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J Pharmacol Toxicol Methods. 2014 Jan-Feb;69(1):61-101. doi: 10.1016/j.vascn.2013.05.004. Epub 2013 May 17.

Preclinical QT safety assessment: cross-species comparisons and human translation from an industry consortium.

Author information

  • 1Charles River Laboratories, 6995 Longley Lane, Reno, NV 89511, USA. Electronic address: Henry.holzgrefe@crl.com.
  • 2Statistik Georg Ferber GmbH, Cagliostrostrasse 14, 4125 Riehen, Switzerland. Electronic address: Statistik.Georg.Ferber@bluewin.ch.
  • 3Centre de Recherches Biologiques, CERB, Chemin de Montifault, 18800 Baugy, France. Electronic address: pascal.champeroux@cerb.fr.
  • 4Bristol-Myers Squibb, Discovery Toxicology, Route 206 and Provinceline Road, Princeton, NJ 08543, USA. Electronic address: Michael.gill@bms.com.
  • 5Chugai Pharmaceutical Co., Ltd., Research Division, 1-135 Komakado, Gotemba, Shizuoka 412-8513, Japan. Electronic address: hondamsk@chugai-pharm.co.jp.
  • 6F. Hoffmann-La Roche, Ltd., Grenzacherstrasse 124, 4070 Basel, Switzerland. Electronic address: andrea.greiter-wilke@roche.com.
  • 7MPI Research, Inc., 54943 North Main Street, Mattawan, MI 49071, USA. Electronic address: Theodore.Baird@mpiresearch.com.
  • 8F. Hoffmann-La Roche, Ltd., Grenzacherstrasse 124, 4070 Basel, Switzerland. Electronic address: olivier-meyer@hotmail.com.
  • 9Center for Drug Evaluation and Research, Food and Drug Administration, 10903 New Hampshire Avenue, Silver Spring, MD 20993, USA. Electronic address: Muriel.saulnier@fda.hhs.gov.

Abstract

INTRODUCTION:

In vivo models have been required to demonstrate relative cardiac safety, but model sensitivity has not been systematically investigated. Cross-species and human translation of repolarization delay, assessed as QT/QTc prolongation, has not been compared employing common methodologies across multiple species and sites. Therefore, the accurate translation of repolarization results within and between preclinical species, and to man, remains problematic.

METHODS:

Six pharmaceutical companies entered into an informal consortium designed to collect high-resolution telemetered data in multiple species (dog; n=34, cynomolgus; n=37, minipig; n=12, marmoset; n=14, guinea pig; n=5, and man; n=57). All animals received vehicle and varying doses of moxifloxacin (3-100 mg/kg, p.o.) with telemetered ECGs (≥500 Hz) obtained for 20-24h post-dose. Individual probabilistic QT-RR relationships were derived for each subject. The rate-correction efficacies of the individual (QTca) and generic correction formulae (Bazett, Fridericia, and Van de Water) were objectively assessed as the mean squared slopes of the QTc-RR relationships. Normalized moxifloxacin QTca responses (Veh Δ%/μM) were derived for 1h centered on the moxifloxacin Tmax.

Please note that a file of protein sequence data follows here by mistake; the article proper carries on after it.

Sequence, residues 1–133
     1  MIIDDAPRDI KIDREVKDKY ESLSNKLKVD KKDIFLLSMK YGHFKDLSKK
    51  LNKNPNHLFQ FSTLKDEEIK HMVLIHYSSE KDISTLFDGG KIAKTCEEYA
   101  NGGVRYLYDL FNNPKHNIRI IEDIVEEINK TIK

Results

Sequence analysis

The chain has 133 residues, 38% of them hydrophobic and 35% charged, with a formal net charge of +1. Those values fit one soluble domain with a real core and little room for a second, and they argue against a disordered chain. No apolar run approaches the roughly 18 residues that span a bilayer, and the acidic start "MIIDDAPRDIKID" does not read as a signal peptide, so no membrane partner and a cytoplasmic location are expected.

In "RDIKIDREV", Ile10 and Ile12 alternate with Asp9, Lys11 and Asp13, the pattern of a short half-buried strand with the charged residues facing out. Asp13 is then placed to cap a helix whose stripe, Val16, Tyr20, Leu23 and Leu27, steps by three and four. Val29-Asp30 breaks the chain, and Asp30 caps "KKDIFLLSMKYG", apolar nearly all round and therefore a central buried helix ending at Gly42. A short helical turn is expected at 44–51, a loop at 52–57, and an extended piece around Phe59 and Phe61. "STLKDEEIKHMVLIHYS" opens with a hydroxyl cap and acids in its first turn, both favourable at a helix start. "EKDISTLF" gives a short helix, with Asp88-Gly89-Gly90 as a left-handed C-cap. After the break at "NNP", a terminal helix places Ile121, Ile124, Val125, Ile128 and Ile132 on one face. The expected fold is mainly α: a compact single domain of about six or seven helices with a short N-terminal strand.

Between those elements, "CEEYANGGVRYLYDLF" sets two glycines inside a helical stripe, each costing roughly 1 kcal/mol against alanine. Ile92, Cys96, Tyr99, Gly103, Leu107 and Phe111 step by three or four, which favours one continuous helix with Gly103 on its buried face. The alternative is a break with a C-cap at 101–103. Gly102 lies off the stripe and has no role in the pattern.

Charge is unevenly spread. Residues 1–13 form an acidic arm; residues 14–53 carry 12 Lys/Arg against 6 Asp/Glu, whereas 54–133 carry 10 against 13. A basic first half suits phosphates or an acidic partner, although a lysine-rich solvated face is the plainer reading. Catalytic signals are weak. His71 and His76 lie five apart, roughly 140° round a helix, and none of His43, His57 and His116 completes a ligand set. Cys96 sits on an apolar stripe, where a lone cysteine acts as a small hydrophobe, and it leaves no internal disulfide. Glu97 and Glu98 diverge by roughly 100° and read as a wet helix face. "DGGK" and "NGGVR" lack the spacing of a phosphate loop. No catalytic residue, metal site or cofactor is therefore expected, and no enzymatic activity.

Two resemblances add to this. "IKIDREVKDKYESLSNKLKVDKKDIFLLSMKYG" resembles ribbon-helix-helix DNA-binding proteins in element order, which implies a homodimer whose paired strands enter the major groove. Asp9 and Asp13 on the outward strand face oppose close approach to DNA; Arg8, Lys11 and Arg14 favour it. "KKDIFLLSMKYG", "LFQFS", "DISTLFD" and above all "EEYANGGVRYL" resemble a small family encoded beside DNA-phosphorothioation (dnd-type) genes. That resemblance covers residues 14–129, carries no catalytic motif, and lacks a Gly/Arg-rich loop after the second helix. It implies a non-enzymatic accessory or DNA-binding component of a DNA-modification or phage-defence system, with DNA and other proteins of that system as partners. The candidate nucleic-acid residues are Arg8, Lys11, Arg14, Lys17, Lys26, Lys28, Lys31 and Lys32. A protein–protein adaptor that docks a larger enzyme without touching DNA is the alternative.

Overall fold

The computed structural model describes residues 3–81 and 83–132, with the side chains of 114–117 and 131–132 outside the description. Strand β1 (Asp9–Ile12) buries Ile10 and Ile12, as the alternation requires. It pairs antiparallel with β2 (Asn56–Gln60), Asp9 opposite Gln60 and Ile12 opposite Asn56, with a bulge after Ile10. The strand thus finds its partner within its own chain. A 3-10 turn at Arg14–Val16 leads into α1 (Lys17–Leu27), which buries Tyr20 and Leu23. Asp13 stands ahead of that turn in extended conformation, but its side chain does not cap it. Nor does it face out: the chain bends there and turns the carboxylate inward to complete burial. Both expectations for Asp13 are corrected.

RESULTS:

All QT-RR ranges demonstrated probabilistic uncertainty; slopes varied distinctly by species where dog and human exhibited the lowest QT rate-dependence, which was much steeper in the cynomolgus and guinea pig. Incorporating probabilistic uncertainty, the normalized QTca-moxifloxacin responses were similarly conserved across all species, including man.

DISCUSSION:

The current results provide the first unambiguous evidence that all preclinical in vivo repolarization assays, when accurately modeled and evaluated, yield results that are consistent with the conservation of moxifloxacin-induced QT prolongation across all common preclinical species. Furthermore, these outcomes are directly transferable across all species including man. The consortium results indicate that the implementation of standardized QTc data presentation, QTc reference cycle lengths, and rate-correction coefficients can markedly improve the concordance of preclinical and clinical outcomes in most preclinical species.

Copyright © 2013 Elsevier Inc. All rights reserved.

KEYWORDS:

Biomarker; Cynomolgus monkey; Dog; Guinea pig; Marmoset; Methods; Minipig; Moxifloxacin; Preclinical–clinical concordance; QT rate-correction

PMID:
23689033
[PubMed - indexed for MEDLINE]
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